How Master Madman Came to Ch’ing Feng Temple (Continued) 2

translated by Heinz Insu Fenkl

3.

The house was not yet a ruin, but it had been abandoned for a long time. The gate still hung on iron hinges black with rust. The wood, once colorful with paint, was now a dull gray and what remained of the nameplate was only the single character of the surname: Li. The courtyard was overgrown in mugwort and tall grasses; once–tended trees had grown wild in the garden orchard now thick with weeds. The place made Yang imagine what his father’s house might look like in a hundred years if his family fell out of favor with the Emperor. He felt a strange sensation in the pit of his stomach.

Yang went to the gate and called out, several times, but got no answer. He waited until he knew no one would answer, and then he opened the bare wooden gate on its shrieking hinges and entered the courtyard. It was a wealthy house, paved in stone, but now tufts of dry grass and dead weeds poked through the cracks. Everything was bleak and colorless, the paper panels in tatters, the lattices skeletal, metal fixtures tarnished or rusted black. Once again, he called out and heard not even an echo in reply.

In most of the rooms the ceiling had collapsed altogether or there were gaping holes through which Yang could make out the stars and the moon. He went from room to room until he found one past the inner courtyard — a receiving room set up like the one in which his father conducted his official business. Here the beams were sound and the ceiling undamaged. It was warmer, too, though Yang could still feel the breeze blowing in through the broken shutters. This is where he would spend the night. He looked for the warmest corner, where he might move a piece of furniture and sleep on it to avoid the cold stone floor. And he wept out of frustration and from the sheer hardship of it all. Only that morning he had been surrounded by his father’s servants. He had woken in a warm and comfortable bed, enjoyed hot tea and a dainty breakfast while he still lounged in his sleep robe. These memories brought backimages so vivid that he could smell them — the subtle fried odors, the light touch of spices, the warm steam of the tea upon his face — and he cried some more. His stomach rumbled with hunger, his limbs ached with exhaustion. He huddled as best he could and sobbed himself to sleep.

He awoke late that night. The moon he had seen through the broken ceilings now shone low through the western windows. It was clear, nearly white in the cloudless night. But it was not the light, with its bluish caste, that had woken him. It was a noise — someone grunting, footsteps, the sound of something heavy being dragged. And then he saw it — a demon, a tall and lanky black demon dragging the body of a dead man.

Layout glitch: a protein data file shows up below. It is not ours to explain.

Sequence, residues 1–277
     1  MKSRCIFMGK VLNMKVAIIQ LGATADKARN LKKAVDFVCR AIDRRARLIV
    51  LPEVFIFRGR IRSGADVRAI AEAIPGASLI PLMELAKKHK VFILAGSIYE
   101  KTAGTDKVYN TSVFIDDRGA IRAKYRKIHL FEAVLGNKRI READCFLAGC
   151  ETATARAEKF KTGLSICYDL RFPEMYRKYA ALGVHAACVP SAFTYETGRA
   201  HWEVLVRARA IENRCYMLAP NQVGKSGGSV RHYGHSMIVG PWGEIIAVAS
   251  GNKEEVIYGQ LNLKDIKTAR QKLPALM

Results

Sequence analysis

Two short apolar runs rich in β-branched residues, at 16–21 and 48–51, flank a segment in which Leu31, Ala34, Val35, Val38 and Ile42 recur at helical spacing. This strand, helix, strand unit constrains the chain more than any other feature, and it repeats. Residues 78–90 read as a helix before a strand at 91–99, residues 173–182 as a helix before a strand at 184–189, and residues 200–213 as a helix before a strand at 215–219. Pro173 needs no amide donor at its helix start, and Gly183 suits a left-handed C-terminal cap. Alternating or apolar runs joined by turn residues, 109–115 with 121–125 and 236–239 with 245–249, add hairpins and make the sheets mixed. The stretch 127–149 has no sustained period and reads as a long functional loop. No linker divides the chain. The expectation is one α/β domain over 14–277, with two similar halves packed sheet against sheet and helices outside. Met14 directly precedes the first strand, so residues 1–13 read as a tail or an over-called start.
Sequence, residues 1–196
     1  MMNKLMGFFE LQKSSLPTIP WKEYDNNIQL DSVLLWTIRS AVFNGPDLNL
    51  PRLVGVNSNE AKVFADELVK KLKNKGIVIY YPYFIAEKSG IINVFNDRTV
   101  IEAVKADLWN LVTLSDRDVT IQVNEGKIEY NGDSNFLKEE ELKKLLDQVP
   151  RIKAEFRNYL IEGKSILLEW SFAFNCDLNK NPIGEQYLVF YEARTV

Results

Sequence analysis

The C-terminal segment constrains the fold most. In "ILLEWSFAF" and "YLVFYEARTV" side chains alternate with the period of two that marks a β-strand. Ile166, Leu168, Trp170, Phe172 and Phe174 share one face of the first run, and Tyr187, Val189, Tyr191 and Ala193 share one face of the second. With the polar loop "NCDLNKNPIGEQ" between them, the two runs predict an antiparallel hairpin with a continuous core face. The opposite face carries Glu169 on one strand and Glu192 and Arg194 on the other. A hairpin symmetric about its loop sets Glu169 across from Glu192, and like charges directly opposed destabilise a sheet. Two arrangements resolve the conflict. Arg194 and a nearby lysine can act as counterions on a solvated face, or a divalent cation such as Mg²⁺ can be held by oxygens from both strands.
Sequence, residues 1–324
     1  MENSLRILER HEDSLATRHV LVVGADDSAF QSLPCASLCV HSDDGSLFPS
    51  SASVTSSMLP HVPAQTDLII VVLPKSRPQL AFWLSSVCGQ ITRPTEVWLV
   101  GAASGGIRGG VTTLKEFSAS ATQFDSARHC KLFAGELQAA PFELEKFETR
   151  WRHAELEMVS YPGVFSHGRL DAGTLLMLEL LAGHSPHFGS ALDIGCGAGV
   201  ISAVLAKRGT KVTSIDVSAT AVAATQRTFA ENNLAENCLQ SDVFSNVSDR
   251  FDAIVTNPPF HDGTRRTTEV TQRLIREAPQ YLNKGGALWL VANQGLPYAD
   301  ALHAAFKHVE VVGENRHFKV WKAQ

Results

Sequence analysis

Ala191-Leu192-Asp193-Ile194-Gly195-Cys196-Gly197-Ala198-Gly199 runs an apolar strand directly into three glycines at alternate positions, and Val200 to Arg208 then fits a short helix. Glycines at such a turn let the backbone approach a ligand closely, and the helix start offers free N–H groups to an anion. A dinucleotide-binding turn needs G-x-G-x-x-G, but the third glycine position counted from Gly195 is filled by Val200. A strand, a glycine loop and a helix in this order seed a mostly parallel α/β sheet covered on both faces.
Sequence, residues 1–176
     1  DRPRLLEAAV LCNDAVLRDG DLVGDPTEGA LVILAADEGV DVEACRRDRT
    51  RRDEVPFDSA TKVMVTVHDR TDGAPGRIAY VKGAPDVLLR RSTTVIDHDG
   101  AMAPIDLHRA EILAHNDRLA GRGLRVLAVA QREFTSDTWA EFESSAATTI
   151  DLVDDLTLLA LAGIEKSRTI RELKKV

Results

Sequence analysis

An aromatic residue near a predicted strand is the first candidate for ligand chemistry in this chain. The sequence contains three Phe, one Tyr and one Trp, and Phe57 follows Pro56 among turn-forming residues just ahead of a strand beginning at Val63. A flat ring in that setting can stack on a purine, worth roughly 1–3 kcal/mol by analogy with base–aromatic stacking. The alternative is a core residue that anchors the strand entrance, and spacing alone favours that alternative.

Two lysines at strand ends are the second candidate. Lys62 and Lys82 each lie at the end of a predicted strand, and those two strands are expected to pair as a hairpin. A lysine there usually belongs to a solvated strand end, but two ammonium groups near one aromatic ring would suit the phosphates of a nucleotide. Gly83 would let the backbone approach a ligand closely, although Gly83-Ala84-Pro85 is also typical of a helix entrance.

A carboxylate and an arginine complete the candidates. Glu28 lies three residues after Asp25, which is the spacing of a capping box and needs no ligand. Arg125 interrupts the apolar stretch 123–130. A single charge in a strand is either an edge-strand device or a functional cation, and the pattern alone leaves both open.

Though Yang, like all well–bred young men, had been taught the martial arts and the ways of swordsmanship, he was a coward and now feared for his own life. He clasped a hand over his mouth lest he make a sound. He stood motionless until he was sure the demon had not seen him, and then he quietly crept backwards to hide behind a pile of broken furniture.

The demon, grunting and grumbling, pulled the body into the room. Drool leaked from his lower lip where his yellow fangs protruded like boars’ tusks. Yang could smell him — or was it the odor of decay from the corpse? And now as the demon passed across a patch of moonlight, Yang recognized the body. It was the fat bearded man, the leader of the bandits still wearing his fur hat. The demon dragged him so close Yang could see the scar on the bandit’s face, the gash on his neck, the black, clotted blood, the wide–open eyes, the bloated, protruding tongue.

The demon cursed and spat. He squatted on his haunches, facing the far door, and leaned over the bandit’s body, prodding at the belly. He was unhappy about something. He grunted again and squatted back down by the bandit’s head. He was naked — what Yang had taken to be the dangling end of a belt was actually the demon’s penis. It was so long it flopped on the floor, oozing piss from its puckered foreskin. In a moment Yang could smell the acrid stench.

Now the demon sighed, turning his head to glance out of the window at the moon. He had three red eyes, and Yang, though he trembled with fear, could not help but be fascinated by how they blinked alternately so that two were always open. Without looking down, the demon casually jabbed one of its long thumbnails into the corpse’s left eye socket and gouged out an eyeball. It was surprisingly large — twice the size Yang imagined an eye must be. Perhaps it had swollen in death. The demon popped the eye into his mouth and bit down. Liquid squirted as the eyeball burst like a fat grape. There was a bright shimmer on the floor where the fluid reflected the moonlight.

Yang could not help himself — his gorge rose in his throat, and it was only by sheer force of will that he kept from vomiting. He felt a dry heave, like a hiccup, then another, and he was calm again. He closed his eyes and did not see the demon’s ears twitch and its nostrils flare.

After a little while the demon got up and stalked out of the room. Yang knew he had to escape, but he dared not move until he knew it was safe. What if the demon was still near enough to hear him? He must wait, but then what if he waited too long and the demon returned? If he could wait until daylight he was sure to be safe, but he had no sense of the time and did not know how long it would be until sunrise. His heart was pounding. He was covered in sweat. He grew more anxious with each passing minute until it was fear and not bravery that made him resolve to get up.